November 17, 2015
Colby DeRodeff

How To Prevent Threats From Slipping Through the Big Data Cracks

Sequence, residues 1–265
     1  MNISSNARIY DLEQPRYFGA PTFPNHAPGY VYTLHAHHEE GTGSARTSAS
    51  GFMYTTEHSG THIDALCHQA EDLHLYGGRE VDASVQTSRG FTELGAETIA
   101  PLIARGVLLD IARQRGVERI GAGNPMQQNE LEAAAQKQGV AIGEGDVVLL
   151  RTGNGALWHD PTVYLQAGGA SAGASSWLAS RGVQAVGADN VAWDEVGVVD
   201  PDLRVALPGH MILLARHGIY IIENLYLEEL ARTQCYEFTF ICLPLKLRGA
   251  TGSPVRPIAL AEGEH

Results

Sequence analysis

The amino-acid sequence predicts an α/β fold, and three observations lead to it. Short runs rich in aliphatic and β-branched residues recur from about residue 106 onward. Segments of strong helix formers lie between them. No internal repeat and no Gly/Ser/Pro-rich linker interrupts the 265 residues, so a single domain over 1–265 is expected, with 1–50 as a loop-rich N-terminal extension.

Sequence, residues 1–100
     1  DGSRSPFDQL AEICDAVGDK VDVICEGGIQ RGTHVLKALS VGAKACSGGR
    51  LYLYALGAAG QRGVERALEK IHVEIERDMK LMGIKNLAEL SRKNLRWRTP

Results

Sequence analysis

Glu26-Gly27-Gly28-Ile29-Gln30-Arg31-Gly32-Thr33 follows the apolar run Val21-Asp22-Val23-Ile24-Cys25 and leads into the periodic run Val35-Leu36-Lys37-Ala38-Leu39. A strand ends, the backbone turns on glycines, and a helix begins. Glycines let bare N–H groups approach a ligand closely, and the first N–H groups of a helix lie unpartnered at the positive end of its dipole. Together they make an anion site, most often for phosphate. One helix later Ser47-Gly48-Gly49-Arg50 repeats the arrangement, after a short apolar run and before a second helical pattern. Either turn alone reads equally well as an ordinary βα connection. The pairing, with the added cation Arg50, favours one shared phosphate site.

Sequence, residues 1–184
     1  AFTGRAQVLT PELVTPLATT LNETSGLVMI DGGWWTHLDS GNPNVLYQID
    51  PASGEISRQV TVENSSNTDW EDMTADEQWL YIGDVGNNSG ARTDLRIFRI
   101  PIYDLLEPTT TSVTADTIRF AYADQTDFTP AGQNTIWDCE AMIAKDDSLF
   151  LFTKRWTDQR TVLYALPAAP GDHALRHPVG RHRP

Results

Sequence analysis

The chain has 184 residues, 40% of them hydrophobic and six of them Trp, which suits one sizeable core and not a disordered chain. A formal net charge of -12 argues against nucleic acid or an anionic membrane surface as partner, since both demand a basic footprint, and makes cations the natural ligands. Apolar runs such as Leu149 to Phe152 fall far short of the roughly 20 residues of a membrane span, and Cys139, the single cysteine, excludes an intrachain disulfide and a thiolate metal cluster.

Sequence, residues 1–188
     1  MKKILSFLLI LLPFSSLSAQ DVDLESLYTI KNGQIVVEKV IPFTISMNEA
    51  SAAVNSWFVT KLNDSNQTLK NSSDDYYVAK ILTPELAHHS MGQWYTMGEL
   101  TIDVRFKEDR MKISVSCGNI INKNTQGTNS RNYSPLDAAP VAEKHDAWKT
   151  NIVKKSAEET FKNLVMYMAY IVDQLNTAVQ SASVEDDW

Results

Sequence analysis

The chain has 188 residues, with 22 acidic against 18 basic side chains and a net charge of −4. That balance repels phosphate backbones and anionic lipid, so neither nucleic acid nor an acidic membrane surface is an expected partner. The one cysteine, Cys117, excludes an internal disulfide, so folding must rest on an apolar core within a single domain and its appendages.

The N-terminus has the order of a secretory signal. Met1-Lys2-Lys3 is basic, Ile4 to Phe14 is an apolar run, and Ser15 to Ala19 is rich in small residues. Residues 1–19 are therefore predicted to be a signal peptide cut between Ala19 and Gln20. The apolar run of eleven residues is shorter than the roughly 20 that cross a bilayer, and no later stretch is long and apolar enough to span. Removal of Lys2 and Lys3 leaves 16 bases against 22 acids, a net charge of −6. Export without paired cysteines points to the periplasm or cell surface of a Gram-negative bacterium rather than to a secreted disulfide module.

<p>When it comes to data breaches, the risk for organizations is high – from the easily calculable costs of notification and business loss to the less tangible effects on a company's brand and customer loyalty. In recent years, many businesses have been increasing their budget allocations for security – which is rightfully so due to the <a href="">i<strong>ncreasing cyber threats</strong></a><strong> </strong>that they are faced with. Regardless, identifying every potential threat in the sea of big data can be very difficult.</p><p>So, how can IT departments minimize their risk? To avoid what sometimes amounts to operational paralysis, IT directors should adhere to the following guidelines:</p><p><strong>Look Beyond IT Security When Assessing Your Company’s Data Breach Risks</strong></p><p>To <strong><a href="">eliminate threats throughout the organization</a></strong>, security must reach beyond the IT department. A company must evaluate employee exit strategies in HR, remote project protocol, on-and off-site data storage practices, and more – and then establish and enforce new policies and procedures and physical safeguards appropriate to the findings.</p><p><strong>Educate Employees About Appropriate Handling and Protection of Sensitive Data</strong></p><p>The continuing saga of lost and stolen laptops containing critical information illustrates that corporate policy designed to safeguard portable data only works when employees follow the rules, which are:</p><ul><li>Don’t collect information that you don't need.</li><li>Reduce the number of places where you retain the data.</li><li>Grant employees access to sensitive data on an "as needed" basis, and keep current records of who has access to the data while it is in your company's possession.</li><li>Purge the data responsibly once the need for it has expired.</li></ul><p><strong>Conduct a Periodic Risk Assessment</strong></p><p>Business models and operational processes change and might alter risk levels and liabilities. Determining if you've acquired new areas or levels of risk can be accomplished through both internal audit and specialized external resources.</p><p><strong>Use an Automated Threat Intelligence Platform to Detect and Prioritize Threats</strong></p><p>Security professionals that use a<strong><a href=""> threat intelligence platform</a></strong> can aggregate data from a central location, apply scores, and share. When this is automated, you can share with a larger audience across industries, which then shortens the window for an attacker and helps you identify the adversary, a threat actor, a campaign, or a cyber attack.</p><p>These key tips will help IT directors and analysts prevent threats from slipping through the cracks. Keep your team educated, prepared, and continue to think outside the box so that you’re always one step ahead of hackers. Lock down your processes and, in turn, your data!</p><p>Want more threat intelligence insight? Check out our free white paper to learn about the intelligent approach!</p>

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